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Wrong patient selection errors are a major issue for patient safety; from ordering medication to performing surgery, the stakes are high. Widespread adoption of Electronic Health Record (EHR) and Computerized Provider Order Entry (CPOE) systems makes patient selection using a computer screen a frequent task for clinicians. Careful design of the user interface can help mitigate the problem by helping providers recall their patients’ identities, accurately select their names, and spot errors before orders are submitted. We propose a catalog of twenty seven distinct user interface techniques, organized according to a task analysis. An associated video demonstrates eighteen of those techniques. EHR designers who consider a wider range of human-computer interaction techniques could reduce selection errors, but verification of efficacy is still needed.

Hematopoietic stem cell transplantation in sickle cell disease: patient selection and special considerations

Bhatia, Monica; Sheth, Sujit
Fonte: Dove Medical Press Publicador: Dove Medical Press
Tipo: Artigo de Revista Científica
Publicado em 10/07/2015 EN
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45.87%
Hematopoietic stem cell transplantation remains the only curative treatment currently in use for patients with sickle cell disease (SCD). The first successful hematopoietic stem cell transplantation was performed in 1984. To date, approximately 1,200 transplants have been reported. Given the high prevalence of this disorder in Africa, and its emergence in the developed world through immigration, this number is relatively small. There are many reasons for this; primary among them are the availability of a donor, the risks associated with this complex procedure, and the cost and availability of resources in the developing world. Of these, it is fair to say that the risks associated with the procedure have steadily decreased to the point where, if currently performed in a center with experience using a matched sibling donor, overall survival is close to 100% and event-free survival is over 90%. While there is little controversy around offering hematopoietic stem cell transplantation to symptomatic SCD patients with a matched sibling donor, there is much debate surrounding the use of this modality in “less severe” patients. An overview of the current state of our understanding of the pathology and treatment of SCD is important to show that our current strategy is not having the desired impact on survival of homozygous SCD patients...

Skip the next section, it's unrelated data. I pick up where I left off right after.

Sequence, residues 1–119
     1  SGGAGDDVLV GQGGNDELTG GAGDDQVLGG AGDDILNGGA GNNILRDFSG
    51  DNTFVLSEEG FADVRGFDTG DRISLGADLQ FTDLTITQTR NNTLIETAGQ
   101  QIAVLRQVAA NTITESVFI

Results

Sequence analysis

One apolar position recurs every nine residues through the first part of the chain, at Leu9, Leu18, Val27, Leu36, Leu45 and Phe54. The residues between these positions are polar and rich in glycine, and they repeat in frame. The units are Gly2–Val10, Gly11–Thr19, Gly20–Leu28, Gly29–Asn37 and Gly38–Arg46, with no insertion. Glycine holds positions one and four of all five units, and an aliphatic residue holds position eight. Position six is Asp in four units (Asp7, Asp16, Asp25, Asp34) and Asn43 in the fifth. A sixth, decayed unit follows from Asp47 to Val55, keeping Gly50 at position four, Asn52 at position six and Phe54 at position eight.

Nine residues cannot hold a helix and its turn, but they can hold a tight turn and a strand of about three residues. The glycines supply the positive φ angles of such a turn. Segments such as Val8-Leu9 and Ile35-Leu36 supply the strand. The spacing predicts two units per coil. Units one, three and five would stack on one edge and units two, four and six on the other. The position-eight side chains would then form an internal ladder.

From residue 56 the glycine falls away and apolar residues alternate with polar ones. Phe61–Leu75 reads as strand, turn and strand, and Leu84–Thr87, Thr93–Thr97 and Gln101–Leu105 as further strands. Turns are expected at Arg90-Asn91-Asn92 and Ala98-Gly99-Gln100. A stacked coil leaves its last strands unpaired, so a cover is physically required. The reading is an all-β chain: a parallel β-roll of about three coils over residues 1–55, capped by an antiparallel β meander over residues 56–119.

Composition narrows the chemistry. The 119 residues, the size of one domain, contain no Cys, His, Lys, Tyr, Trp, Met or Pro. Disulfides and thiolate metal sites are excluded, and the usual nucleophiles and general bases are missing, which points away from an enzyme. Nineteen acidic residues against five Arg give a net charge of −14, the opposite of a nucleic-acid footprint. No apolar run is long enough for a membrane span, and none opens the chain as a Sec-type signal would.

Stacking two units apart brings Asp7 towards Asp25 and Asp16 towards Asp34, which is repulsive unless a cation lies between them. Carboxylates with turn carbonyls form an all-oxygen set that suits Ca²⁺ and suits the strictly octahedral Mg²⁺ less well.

Accelerated partial breast irradiation with brachytherapy: patient selection and technique considerations

Trifiletti, Daniel M; Romano, Kara D; Showalter, Shayna L; Reardon, Kelli A; Libby, Bruce; Showalter, Timothy N
Fonte: Dove Medical Press Publicador: Dove Medical Press
Tipo: Artigo de Revista Científica
Publicado em 29/07/2015 EN
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45.93%